22 Dec
Monitoring Anemia Via Fingernail Color Monitoring Anemia Via Fingernail Color

Monitoring Anemia Via Fingernail Color

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Biomedical engineers have come up with a non-invasive method to detect anemia in humans.

The app, an alternative to a blood test, analyzes photos of fingertips captured on a smartphone to figure out whether the amount of hemoglobin is low enough to signal an alarm.

Principal investigator Wilbur Lam, MD, PhD, an associate professor of pediatrics at Emory University School of Medicine, said, “All other ‘point-of-care’ anemia detection tools require external equipment, and represent trade-offs between invasiveness, cost, and accuracy. This is a standalone app that can look at hemoglobin levels without the need to draw blood.”

Former biomedical engineering graduate student Rob Mannino devised the app as part of his PhD work. Mannino was inspired to delve into the research because of his own experience in dealing with beta-thalassemia, a blood disorder acquired by inheritance and which is the result of a gene mutation.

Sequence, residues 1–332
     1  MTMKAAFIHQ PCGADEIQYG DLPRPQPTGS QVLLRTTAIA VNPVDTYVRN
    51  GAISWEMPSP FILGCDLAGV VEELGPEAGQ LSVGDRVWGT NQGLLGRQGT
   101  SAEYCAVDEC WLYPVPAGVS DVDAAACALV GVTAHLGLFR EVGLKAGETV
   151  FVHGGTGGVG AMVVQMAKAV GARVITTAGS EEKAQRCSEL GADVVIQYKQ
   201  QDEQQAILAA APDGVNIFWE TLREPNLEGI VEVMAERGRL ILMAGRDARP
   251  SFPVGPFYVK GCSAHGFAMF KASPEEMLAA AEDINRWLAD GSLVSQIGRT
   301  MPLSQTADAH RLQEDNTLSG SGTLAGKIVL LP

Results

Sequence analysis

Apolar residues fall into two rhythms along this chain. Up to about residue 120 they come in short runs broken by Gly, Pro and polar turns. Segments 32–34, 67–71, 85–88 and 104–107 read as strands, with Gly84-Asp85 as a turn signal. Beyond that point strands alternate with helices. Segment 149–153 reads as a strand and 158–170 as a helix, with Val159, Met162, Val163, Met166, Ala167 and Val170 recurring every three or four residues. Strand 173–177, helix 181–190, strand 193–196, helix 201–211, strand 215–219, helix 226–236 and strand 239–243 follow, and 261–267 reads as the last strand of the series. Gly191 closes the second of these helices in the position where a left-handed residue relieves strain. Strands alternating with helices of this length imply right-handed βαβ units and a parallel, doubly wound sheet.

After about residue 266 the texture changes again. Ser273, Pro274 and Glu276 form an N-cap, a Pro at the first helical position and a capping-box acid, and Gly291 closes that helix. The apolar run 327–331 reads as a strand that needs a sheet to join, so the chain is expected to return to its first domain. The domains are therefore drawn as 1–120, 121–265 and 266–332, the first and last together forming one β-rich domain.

“Treatment for my disease requires monthly blood transfusions,” said Mannino. “My doctors would test my hemoglobin levels more if they could, but it’s a hassle for me to get to the hospital in between transfusions to receive this blood test. Instead, my doctors currently have to just estimate when I’m going to need a transfusion, based on my hemoglobin level trends.”

Indeed, added Lam, no one except Mannino could likely have accomplished the entire project, as the grad student was able to keep continual tabs on his condition and, in turn, regularly adjust the tech to arrive at as perfect a test as possible.

According to Mannino and Lam, the app could help patients with chronic anemia to manage their care by monitoring their disease and focus on times when therapies or transfusions are needed.

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Read 2582 times Last modified on Thursday, 13 December 2018 03:42
Jim Lillie

Jim began writing for newspapers and designing for publishing companies at a time when both industries were just beginning to make the switch from manual to digital platforms. Jim lives in Boulder, Colorado with his teenage son.

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